Authority: The Example of Slavery

This is part of a series of posts on the doctrine of Authority. Click here to see the entire series.


An argument that is advanced more than any other against what has been written above is that none of the New Testament writers ever told Christians that they could not be members of the Roman state.  Soldiers were not told to resign their commissions.  Tax collectors, minor governors, and other officials were never instructed that they were in sin.  Jesus had nothing to say about holding appointed office in the Roman state.  What is more, Paul used his citizenship to his advantage by appealing his criminal case to Caesar!  How could it be wrong to be a part of the state if all of these things are true?

To answer that question it is worth taking some time to consider the example of slavery.  The New Testament mentions slavery frequently.  Two passages speak directly to the issue of slavery:

I Corinthians 7: 20-21 says, “Let each man remain in that condition in which he was called.  Were you called while a slave?  Do not worry about it; but if you are able also to become free, rather do that.”

Ephesians 6: 5-9 says:

Slaves, be obedient to those who are your masters according to the flesh, with fear and trembling, in the sincerity of your heart, as to Christ; not by way of eye service, as men-pleasers, but as slaves of Christ, doing the will of God from the heart.  With good will render service, as to the Lord, and not to men, knowing that whatever good thing each one does, this he will receive back from the Lord, whether slave or free.
And masters, do the same things to them, and give up threatening, knowing that both their Master and yours is in heaven, and there is no partiality with Him.

It is fascinating that there are no specific statements anywhere in the Bible about the right of a person to not be owned by another person.  When Paul has the opportunity to discuss the topic of slavery he does not tell the slave that he has a God-given right to be free.  Neither does he tell the master to stop sinning and free his slaves.  No slave owner is ever rebuked for stealing the labor of another person nor is any slave owner ever rebuked for buying and selling human beings.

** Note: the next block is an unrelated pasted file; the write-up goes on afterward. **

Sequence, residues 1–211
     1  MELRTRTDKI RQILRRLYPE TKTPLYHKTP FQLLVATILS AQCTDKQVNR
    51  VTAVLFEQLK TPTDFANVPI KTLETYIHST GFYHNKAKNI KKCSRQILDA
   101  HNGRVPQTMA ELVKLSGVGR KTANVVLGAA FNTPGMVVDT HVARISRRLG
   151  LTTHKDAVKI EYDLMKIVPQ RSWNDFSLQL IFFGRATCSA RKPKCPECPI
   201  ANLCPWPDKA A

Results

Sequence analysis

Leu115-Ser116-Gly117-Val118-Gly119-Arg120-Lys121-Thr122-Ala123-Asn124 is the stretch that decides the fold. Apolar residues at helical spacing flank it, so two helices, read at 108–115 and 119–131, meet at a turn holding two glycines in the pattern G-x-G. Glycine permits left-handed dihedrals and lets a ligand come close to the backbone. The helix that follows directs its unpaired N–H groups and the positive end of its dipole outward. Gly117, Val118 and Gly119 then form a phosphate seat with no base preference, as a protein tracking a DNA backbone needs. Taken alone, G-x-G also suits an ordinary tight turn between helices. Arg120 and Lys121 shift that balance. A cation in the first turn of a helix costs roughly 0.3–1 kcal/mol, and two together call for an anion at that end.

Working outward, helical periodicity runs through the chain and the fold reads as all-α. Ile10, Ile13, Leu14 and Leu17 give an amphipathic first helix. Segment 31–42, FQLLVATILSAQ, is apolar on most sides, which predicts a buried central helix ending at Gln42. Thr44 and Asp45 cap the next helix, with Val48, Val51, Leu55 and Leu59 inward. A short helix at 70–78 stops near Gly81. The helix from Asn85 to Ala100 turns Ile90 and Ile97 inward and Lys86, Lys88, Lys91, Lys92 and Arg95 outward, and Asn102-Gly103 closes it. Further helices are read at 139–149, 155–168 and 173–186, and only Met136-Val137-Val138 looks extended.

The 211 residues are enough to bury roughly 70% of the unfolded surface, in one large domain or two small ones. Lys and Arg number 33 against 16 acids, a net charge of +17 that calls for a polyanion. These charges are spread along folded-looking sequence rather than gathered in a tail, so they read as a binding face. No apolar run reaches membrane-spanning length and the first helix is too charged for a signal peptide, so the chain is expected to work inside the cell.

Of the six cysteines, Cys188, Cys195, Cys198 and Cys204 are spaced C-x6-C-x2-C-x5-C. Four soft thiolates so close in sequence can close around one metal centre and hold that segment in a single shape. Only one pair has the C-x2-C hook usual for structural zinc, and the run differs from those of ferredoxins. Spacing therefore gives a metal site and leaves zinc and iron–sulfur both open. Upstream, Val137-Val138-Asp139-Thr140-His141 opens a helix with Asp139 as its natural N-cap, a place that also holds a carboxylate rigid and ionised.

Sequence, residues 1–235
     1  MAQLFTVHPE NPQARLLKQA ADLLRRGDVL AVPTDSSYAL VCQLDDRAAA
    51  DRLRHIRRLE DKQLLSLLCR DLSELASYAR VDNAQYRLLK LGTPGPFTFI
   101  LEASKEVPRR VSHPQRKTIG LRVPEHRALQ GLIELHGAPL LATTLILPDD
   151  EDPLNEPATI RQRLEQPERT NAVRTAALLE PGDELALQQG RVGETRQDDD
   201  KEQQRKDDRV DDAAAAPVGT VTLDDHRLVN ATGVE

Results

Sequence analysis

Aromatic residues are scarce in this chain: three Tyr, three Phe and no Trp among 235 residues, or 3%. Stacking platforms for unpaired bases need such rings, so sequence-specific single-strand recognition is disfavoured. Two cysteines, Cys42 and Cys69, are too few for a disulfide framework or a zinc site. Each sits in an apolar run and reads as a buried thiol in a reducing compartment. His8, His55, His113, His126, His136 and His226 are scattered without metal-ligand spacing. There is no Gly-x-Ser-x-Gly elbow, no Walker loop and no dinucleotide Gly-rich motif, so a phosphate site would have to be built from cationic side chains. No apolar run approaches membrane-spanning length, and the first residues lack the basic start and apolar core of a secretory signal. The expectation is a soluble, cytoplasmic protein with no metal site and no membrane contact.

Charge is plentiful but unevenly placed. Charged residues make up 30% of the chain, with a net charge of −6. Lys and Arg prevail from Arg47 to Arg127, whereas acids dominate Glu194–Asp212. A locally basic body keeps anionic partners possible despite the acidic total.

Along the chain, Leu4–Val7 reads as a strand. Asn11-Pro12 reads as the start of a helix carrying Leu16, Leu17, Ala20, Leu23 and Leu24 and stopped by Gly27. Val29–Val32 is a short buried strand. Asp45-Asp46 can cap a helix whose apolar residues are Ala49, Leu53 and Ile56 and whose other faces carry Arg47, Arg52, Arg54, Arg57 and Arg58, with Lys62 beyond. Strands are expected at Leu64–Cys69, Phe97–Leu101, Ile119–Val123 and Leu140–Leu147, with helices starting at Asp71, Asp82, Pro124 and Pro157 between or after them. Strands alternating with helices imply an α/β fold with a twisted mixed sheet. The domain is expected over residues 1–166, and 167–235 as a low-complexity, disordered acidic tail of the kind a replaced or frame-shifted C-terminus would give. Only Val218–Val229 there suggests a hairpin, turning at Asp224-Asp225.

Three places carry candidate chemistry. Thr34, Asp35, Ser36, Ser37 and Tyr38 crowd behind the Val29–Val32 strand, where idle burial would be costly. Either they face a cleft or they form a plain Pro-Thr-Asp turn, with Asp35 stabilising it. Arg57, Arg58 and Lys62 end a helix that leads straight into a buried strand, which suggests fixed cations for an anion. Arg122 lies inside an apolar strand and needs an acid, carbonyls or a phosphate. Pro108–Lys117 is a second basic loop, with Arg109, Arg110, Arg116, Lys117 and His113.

In fact, Paul does just the opposite.  Paul tells slaves to remain slaves.  Of course, if you can obtain your freedom it is better to do that.  But if you can’t, be content with your status as a slave.  Furthermore, Paul instructs masters to be good masters but he does not tell them to stop being masters.  Being a slave master never shows up on any of the lists of sins that need to be avoided.  In all respects, the Bible seems to wholeheartedly endorse the institution of slavery.

I suspect that, with very few exceptions, Evangelicals are united in their belief that slavery is a sin.  There might be a rare individual somewhere who would be willing to try and argue that slavery does not violate the moral law of God but I don’t think he would have much of a following.  The reaction of most modern Christians to the institution of slavery is one of abhorrence.  Evangelicals argue that slavery is the sin of theft in that it steals the labor of another human being.  They also argue that it is the sin of kidnapping in that it steals another human being.  They point out that slavery reduces other human beings to the status of mere property, this fact being in no way consistent with the reality that man is made in the image of God.  Evangelicals universally conclude that men have a God-given right to be free and cannot be owned, traded, or forced to work for any man.